meningococcal group B vaccine

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meningococcal group B vaccine

(me-nin-go-kok-al groop B vax-seen),


(trade name),


(trade name)


Therapeutic: vaccines immunizing agents
Pharmacologic: antigens
Pregnancy Category: B


Bexsero—Provides active immunization against invasive meningococcal disease caused by 3 strains of Neisseria meningitidis serogroup B (strains prevalent in the US). Tremenba—Provides active immunization against invasive meningococcal disease caused by 4 strains of Neisseria meningitidis serogroup B (strains prevalent in the US).


Induces production of antibodies to several strains of serogroup B Neisseria meningitidis.

Therapeutic effects

Prevention of invasive meningococcal disease.


Absorption: Well absorbed following IM administration.
Distribution: Unknown.
Metabolism and Excretion: Unknown.
Half-life: Unknown.

Time/action profile (antibody response)

IMwithin 2 mounknownunknown


Contraindicated in: Severe allergic reaction to a previous dose; Latex allergy (Bexsero tip caps contain latex).
Use Cautiously in: Geriatric: Safe and effective use in patients >65 yr has not been established; Lactation: Use cautiously if breastfeeding; Obstetric: Use during pregnancy only if clearly needed; Pediatric: Safe and effective use in children <10 yr not established (>90% risk of fever in infants <12 mo).

Adverse Reactions/Side Effects

Central nervous system

  • fatigue (most frequent)
  • headache (most frequent)


  • nausea (most frequent)
  • diarrhea
  • vomiting


  • injection site reactions (most frequent)


  • arthralgia (most frequent)
  • mylagia (most frequent)


  • allergic reactions including anaphylaxis
  • chills (most frequent)
  • fever
  • syncope


Drug-Drug interaction

Concurrent use of immunosuppressives may ↓ the desired immune response.



Intramuscular (Adults and Children 10–25 yr) Two 0.5 ml doses one mo apart.


Intramuscular (Adults and Children 10–25 yr) 0.5 ml followed by a second dose 2 mo later and a third dose 4 mo after the second dose.


Suspension for IM injection (Bexsero tip caps contain latex): 0.5 ml in pre-filled syringes

Nursing implications

Nursing assessment

  • Monitor for signs and symptoms of allergic reaction (dyspnea, rash, hives, swelling of face, lips, or throat). Keep epinephrine, an antihistamine, and resuscitation equipment close by in the event of an anaphylactic reaction.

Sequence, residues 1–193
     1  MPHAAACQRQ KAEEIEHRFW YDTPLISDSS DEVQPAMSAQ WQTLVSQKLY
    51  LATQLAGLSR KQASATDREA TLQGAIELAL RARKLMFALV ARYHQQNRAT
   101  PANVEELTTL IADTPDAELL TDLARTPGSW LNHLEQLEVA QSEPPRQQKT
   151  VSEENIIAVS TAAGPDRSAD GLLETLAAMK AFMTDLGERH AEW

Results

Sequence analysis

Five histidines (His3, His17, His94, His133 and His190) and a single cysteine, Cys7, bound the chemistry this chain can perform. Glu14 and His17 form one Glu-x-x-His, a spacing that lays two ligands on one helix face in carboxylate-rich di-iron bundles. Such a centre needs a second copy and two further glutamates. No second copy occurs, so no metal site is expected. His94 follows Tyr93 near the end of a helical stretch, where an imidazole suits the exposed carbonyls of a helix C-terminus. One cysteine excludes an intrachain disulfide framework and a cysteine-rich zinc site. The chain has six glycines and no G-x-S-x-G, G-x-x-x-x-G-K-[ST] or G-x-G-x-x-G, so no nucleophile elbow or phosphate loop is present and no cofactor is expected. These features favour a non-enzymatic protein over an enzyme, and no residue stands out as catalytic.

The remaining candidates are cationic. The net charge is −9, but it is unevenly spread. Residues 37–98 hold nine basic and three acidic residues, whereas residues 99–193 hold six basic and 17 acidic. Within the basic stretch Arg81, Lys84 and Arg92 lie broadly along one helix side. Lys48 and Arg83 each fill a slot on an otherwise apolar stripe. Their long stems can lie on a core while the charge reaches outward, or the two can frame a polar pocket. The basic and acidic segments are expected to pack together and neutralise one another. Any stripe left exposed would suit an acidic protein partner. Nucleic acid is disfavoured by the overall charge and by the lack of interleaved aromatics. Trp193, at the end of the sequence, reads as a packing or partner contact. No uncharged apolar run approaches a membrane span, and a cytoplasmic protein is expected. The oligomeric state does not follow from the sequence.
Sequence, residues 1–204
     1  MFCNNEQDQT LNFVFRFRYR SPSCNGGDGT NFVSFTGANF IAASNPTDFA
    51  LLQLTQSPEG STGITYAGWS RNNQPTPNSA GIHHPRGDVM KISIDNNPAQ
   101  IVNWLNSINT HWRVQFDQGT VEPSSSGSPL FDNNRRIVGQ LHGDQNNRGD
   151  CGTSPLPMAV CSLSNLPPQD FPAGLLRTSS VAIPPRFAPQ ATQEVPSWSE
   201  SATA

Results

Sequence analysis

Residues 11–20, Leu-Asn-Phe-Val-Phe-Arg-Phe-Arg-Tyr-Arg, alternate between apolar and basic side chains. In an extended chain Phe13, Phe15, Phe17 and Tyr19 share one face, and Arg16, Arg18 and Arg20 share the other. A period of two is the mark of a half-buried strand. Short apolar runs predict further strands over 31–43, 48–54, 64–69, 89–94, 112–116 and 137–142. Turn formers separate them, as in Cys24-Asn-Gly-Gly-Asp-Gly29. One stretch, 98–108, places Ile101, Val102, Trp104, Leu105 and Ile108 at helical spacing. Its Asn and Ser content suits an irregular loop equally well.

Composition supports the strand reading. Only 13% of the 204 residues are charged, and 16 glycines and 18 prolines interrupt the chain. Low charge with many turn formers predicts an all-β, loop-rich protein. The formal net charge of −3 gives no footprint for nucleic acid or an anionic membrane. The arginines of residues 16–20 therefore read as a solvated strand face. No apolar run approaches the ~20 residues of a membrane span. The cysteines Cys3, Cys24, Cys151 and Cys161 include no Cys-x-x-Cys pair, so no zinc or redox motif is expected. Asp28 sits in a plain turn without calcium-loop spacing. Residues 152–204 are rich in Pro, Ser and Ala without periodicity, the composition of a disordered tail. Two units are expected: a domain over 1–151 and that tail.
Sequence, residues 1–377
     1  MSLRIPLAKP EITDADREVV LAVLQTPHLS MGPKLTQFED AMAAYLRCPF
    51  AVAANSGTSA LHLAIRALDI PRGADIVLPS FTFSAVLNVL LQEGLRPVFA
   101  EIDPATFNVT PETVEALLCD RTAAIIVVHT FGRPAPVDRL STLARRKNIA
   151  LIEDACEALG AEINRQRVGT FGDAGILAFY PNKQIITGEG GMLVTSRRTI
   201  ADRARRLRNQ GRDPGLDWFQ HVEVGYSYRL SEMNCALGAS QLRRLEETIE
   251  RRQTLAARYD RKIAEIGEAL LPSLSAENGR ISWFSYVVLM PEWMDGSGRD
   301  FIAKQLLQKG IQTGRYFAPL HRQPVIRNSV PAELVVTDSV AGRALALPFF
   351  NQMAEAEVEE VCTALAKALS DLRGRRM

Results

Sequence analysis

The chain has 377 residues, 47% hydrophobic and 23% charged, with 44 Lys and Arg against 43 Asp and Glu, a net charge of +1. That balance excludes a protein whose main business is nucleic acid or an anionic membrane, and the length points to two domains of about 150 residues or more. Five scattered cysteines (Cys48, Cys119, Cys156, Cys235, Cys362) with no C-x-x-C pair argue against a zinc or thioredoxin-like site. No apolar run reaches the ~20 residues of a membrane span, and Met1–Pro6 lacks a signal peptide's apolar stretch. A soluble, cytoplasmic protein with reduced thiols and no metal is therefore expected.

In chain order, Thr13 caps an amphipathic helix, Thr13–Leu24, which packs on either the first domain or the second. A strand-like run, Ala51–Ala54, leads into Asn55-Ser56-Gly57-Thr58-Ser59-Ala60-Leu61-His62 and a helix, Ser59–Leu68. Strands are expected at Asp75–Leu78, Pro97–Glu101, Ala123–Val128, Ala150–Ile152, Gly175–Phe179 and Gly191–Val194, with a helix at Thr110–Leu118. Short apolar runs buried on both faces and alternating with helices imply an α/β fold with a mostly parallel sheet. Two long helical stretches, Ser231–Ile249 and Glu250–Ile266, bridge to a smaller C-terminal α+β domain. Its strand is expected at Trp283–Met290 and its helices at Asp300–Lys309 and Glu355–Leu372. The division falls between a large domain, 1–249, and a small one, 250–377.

• Assess for latex allergy. Bexsero tip cap contains latex.
  • Assess for syncope. Make patient is sitting or lying down during and immediately following injections.

Potential Nursing Diagnoses

Risk for infection (Indications)


  • Intramuscular: Shake syringe vigorously for a homogenous white suspension; do not use if solution has separated, discolored, or contains particulate matter. Administer 0.5 mL IM into deltoid muscle of upper arm. Do not mix with other vaccines in same syringe.

Patient/Family Teaching

  • Explain purpose of vaccine to patient/parent. Emphasize need for 2 doses of immunization series for Bexseroor 3 doses for Tremenba.
  • Advise female patient to notify health care professional if pregnancy is planned or suspected or if breastfeeding.

Evaluation/Desired Outcomes

  • Prevention of invasive meningococcal disease including meningitis.
References in periodicals archive ?
e Government has announced that revolutionary Bexsero will be in the childhood immunisation schedule if it can secure a price to make it cost-eective for the NHS.
The notable pipeline vaccines against meningococcal disease include Bexsero by Novartis, MnB rLP2806 by Pfizer and NmVac4-DT by JN International Medical Corporation.
There is no licensed MenB vaccine in the United States, but the Princeton isolates expressed two of the four antigens (fl-{BP and NHBA) in sufficient quantities to suggest protection with Bexsero, a recombinant MenB vaccine (Novartis) recently licensed in Europe, Australia, and Canada, Dr.
PS20 IT is scandalous that Bexsero, a new vaccine for meningitis B, has become available in the UK but won't be given to children on the grounds that it isn't cost effective.
MENINGITIS UK is calling for Bexsero, a vaccine that protects children against meningitis B, to be offered free on the NHS.
Novartis would finish its ongoing studies to confirm the effectiveness of Bexsero against diverse serogroup B strains as part of the accelerated approval process.
Bexsero was recommended to be made available free to babies and young children in March last year.
The first national, publicly funded campaign in the world against meningitis B will mean a course of vaccine Bexsero is free for infants.
Tests suggest that the new vaccine, called Bexsero, will protect against around 90% of the meningococcal group-B bacteria strains circulating in the UK.
The two vaccines licensed by the Food and Drug Administration are Trumenba (by Pfizer), a three-dose series, and Bexsero (GlaxoSmithKline), a two-dose series; they are indicated for preventing meningococcal disease caused by Neisseria meningitidis serogroup B in people aged 10-25 years.
Firstly, we will use functional (bactericidal) monoclonal antibodies to map the most protective epitopes on the 3D structures of two key MenB antigens, fHbp and NadA, which contribute strongly to our recently-approved 1st generation MenB vaccine, Bexsero (O Ryan, 2014).
The UK will become the first country in the world to offer newborn babies the new vaccine Bexsero via the NHS from this autumn.